Welcome to this presentation on the cerebellum. First, what I want you to understand is the functions
that relate to the cerebellum. We see the cerebellum in the image right in through here.
One of the primary functions of the cerebellum is to modify motor output to ensure that it is smooth
and moving in the right direction. It’s also involved in the maintenance of our balance and posture.
It helps to coordinate our voluntary movements. It’s involved also in motor learning or motor skill learning.
How to ride a bicycle, how to tie shoes are simple examples of motor learning. It’s also involved in
cognitive functions. Next, I want you to understand the fact that the cerebellum is divided into lobes.
We have a colored view of three lobes of the cerebellum. This is a sagittal view. The first lobe to identify
is the anterior lobe. It’s identified by the number one in the light green area. The posterior lobe is
the larger of the three lobes in this view and you can see it in the pinkish-red area. Then the third is much
smaller in contrast to the larger anterior and posterior lobes. That’s identified here in the orange area.
This is referred to as the flocculonodular lobe. Here is another view. This is an anterior view of the lobes.
Here is the anterior lobe in through here and on the opposite side. The flocculonodular lobes are these
extensions that we see here where it’s labeled. This is the opposite flocculonodular lobe over here.
The large posterior lobes are shown here and over here. Then a division between the lobes in the midline
is this structure referred to as the vermis and that extends here as well. The cerebellum can also be
divided into hemispheres. We’re going to use that same anterior view to identify the various
hemispheres of the cerebellum. There are three. The first is the vermis which is located right in through here.
This is involved in controlling the axial and proximal limb musculature. If there’s a lesion in this area,
it can result in ataxia of the trunk, those axial musculature. Patients will sway with their eyes open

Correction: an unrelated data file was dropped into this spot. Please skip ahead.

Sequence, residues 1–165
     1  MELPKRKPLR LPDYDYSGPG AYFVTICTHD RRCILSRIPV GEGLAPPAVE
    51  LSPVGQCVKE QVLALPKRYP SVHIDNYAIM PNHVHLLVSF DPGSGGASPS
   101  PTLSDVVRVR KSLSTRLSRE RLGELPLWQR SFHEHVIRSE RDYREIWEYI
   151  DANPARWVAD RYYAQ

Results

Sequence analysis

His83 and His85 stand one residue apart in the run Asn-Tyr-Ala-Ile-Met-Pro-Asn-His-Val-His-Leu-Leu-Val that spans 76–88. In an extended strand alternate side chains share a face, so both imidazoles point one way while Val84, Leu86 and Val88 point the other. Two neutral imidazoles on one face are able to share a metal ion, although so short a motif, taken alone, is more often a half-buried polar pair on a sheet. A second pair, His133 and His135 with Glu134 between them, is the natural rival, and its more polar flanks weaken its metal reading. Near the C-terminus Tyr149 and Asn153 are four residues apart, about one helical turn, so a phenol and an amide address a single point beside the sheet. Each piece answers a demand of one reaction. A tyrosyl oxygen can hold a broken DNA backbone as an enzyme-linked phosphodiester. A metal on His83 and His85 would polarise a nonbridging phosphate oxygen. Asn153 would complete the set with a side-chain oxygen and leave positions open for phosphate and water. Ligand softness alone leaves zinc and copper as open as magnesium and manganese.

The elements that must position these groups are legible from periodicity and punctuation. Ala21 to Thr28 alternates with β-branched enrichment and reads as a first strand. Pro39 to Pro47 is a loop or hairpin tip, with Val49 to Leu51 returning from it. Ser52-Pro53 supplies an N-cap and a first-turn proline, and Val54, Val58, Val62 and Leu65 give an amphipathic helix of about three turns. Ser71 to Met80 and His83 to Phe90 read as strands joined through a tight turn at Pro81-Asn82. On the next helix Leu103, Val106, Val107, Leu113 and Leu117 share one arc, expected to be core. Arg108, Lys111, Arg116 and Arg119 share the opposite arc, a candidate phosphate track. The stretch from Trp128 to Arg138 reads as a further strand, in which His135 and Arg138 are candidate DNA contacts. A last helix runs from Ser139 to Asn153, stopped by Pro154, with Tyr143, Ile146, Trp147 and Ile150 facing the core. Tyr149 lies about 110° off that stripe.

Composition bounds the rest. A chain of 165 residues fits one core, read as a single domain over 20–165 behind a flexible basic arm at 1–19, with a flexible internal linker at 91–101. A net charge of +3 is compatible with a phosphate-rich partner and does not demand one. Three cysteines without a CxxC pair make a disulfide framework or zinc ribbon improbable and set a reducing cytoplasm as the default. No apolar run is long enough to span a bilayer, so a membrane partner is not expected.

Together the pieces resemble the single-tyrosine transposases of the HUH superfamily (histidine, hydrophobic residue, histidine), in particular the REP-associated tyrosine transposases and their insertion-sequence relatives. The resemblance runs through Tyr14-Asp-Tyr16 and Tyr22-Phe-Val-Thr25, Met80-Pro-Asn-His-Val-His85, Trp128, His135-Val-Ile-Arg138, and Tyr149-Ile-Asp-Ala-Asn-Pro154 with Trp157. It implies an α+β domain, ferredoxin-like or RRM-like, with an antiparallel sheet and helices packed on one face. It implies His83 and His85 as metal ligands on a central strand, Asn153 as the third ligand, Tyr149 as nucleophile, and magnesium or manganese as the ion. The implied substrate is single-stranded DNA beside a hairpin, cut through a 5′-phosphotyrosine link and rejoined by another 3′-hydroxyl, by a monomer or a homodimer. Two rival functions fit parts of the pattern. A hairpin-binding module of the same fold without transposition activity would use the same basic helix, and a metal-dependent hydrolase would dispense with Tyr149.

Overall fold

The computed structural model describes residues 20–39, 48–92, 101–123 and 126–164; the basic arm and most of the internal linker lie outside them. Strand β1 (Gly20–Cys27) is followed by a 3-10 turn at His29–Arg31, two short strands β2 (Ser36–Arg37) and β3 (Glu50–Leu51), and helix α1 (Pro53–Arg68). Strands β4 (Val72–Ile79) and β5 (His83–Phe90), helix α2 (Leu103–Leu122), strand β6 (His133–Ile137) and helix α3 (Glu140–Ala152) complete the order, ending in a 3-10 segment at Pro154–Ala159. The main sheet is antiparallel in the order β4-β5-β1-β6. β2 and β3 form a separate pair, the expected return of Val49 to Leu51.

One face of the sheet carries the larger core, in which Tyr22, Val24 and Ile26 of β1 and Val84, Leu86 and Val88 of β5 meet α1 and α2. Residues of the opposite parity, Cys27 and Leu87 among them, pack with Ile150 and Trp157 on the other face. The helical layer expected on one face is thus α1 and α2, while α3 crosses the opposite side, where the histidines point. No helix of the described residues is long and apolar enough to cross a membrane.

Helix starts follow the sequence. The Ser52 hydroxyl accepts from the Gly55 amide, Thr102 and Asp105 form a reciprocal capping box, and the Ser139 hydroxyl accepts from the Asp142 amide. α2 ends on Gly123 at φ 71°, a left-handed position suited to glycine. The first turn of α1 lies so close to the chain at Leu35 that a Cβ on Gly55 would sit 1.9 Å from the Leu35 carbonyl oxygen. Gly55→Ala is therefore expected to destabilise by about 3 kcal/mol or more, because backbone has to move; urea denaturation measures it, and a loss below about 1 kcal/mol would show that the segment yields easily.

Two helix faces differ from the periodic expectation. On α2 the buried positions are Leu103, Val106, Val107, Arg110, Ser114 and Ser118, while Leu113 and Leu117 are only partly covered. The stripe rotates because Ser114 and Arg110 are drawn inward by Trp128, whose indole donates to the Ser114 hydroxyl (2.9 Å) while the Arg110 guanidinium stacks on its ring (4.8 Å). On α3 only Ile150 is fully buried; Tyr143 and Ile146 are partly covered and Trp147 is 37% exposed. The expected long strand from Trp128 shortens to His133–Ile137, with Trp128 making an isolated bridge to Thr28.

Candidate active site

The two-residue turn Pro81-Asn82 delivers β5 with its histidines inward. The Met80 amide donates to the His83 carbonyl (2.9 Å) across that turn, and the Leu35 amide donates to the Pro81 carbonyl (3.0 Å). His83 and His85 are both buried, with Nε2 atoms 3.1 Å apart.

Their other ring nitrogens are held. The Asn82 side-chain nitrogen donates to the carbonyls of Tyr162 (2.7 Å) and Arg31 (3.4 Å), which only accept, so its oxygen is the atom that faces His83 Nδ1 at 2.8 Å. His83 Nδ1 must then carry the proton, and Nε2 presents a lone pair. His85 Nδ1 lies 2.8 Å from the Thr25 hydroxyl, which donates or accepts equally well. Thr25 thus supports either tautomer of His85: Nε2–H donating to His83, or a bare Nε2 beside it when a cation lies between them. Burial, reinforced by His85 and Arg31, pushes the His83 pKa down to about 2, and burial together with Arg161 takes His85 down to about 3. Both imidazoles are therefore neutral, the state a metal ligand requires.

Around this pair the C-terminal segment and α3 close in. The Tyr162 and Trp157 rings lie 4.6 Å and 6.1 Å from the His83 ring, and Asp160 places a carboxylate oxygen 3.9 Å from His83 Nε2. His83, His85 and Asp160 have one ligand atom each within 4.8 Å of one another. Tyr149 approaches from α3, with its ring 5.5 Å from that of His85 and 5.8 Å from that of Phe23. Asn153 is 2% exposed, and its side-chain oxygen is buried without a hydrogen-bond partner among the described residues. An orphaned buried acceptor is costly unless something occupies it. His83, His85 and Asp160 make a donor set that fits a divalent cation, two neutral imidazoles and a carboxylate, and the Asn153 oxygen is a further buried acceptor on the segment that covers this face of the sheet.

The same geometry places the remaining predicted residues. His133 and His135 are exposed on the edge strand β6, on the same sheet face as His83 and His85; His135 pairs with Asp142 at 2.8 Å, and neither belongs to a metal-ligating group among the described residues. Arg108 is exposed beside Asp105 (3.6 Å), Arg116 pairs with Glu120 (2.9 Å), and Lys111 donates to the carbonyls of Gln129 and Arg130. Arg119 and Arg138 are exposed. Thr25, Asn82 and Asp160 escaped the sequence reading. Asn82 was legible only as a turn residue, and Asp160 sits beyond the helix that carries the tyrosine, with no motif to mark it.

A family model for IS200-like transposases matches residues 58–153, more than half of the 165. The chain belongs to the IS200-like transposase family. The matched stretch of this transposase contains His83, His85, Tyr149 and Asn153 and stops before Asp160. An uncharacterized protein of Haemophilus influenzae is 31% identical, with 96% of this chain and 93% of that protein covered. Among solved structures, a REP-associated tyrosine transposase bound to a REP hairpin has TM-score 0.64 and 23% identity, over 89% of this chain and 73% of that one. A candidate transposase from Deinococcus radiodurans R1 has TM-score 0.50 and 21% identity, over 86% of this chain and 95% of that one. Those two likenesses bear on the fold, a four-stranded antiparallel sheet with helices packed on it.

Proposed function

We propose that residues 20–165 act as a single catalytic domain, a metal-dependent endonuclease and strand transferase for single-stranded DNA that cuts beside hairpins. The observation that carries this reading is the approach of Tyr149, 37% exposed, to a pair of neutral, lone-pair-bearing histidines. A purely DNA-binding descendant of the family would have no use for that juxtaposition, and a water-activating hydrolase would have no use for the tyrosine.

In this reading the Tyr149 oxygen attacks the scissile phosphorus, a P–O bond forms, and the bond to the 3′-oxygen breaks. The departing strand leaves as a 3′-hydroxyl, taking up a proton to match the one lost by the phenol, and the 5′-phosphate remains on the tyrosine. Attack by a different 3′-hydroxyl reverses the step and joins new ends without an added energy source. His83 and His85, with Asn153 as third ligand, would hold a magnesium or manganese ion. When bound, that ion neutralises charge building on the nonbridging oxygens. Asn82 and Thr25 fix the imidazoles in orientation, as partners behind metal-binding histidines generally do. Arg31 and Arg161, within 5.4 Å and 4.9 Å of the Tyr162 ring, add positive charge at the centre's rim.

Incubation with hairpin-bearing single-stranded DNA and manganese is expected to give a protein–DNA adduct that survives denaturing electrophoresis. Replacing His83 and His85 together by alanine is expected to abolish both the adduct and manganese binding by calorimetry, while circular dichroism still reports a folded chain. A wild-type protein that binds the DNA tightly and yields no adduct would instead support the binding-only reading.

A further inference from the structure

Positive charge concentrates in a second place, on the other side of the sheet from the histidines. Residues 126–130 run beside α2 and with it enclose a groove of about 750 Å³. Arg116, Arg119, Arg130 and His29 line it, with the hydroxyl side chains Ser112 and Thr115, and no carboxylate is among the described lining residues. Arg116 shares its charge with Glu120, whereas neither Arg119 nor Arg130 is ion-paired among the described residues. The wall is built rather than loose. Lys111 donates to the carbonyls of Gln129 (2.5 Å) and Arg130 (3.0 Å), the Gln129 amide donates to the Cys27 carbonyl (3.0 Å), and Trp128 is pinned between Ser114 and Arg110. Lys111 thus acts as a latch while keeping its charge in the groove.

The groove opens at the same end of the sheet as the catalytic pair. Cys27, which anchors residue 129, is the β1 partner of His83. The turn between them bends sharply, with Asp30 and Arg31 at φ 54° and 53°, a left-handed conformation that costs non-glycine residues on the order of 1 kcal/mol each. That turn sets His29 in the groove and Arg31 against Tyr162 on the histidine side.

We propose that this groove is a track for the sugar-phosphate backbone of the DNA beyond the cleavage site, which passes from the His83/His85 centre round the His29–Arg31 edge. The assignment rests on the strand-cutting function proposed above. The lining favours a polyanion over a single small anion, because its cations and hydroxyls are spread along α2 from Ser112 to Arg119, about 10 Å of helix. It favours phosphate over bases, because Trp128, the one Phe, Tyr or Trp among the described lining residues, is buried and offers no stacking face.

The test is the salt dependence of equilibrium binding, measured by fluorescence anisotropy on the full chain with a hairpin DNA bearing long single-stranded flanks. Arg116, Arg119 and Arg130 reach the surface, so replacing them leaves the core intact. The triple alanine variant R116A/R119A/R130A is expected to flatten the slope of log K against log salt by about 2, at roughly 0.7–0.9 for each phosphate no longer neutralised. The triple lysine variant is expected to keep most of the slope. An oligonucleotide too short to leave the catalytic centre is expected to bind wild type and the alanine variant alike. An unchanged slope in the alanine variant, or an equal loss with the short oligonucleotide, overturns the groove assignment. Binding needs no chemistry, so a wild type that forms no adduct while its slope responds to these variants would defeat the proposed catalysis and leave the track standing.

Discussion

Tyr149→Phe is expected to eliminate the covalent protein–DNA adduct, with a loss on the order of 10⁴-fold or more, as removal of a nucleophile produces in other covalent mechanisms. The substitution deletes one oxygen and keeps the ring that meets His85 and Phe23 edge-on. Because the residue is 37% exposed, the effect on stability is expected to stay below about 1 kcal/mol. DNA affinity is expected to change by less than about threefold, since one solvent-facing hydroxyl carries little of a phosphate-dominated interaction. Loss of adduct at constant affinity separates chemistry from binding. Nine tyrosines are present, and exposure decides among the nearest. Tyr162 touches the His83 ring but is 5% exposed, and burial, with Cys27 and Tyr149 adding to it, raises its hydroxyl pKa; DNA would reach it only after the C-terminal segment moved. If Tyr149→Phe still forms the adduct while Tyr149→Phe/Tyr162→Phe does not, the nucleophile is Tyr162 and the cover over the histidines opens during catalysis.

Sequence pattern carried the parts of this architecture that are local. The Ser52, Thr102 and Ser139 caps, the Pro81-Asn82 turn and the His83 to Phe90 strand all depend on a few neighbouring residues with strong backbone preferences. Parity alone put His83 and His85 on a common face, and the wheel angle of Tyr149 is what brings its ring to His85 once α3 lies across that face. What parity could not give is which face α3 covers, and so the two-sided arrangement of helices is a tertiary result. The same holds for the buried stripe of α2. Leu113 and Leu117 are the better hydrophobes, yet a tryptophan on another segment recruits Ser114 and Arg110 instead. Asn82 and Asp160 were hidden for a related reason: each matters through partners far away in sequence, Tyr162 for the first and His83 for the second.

due to the proximal limb musculature inhibition. A primary cause here of damage to the vermis is in
chronic alcoholics. They develop a nutritional deficiency of thiamine. As a result, there can be degeneration
of the superior aspect of the vermis. As a result of that degeneration, you’re losing your motor output
because you lose your Purkinje cell population or density here. The intermediate hemisphere is just lateral
to the vermal hemisphere. This is also termed the paravermis. It’s going to control distal musculature.
If there’s a lesion of this area, then you’ll have an inhibition of your distal musculature control.
The largest hemisphere is the lateral hemisphere. We see it running between these two green lines.
This is involved in motor planning. Symptoms of lesions usually include a lesion to the intermediate
hemisphere as well. This could be a stroke, loss of blood supply, or it could be a tumor impacting these areas
or hemispheres of the cerebellum. But the symptoms of a lesion would include ataxia of the extremities.
These individuals would exhibit an intention tremor. So as they move their upper limb, for example,
there can be tremor associated with that intentional movement. Nystagmus is another symptom;
dysmetria, an inability to judge the distance between your hand and the object that you want to pick up,
for example; decreased muscle tone, hypotonia; and lastly, deep tendon reflexes are weak.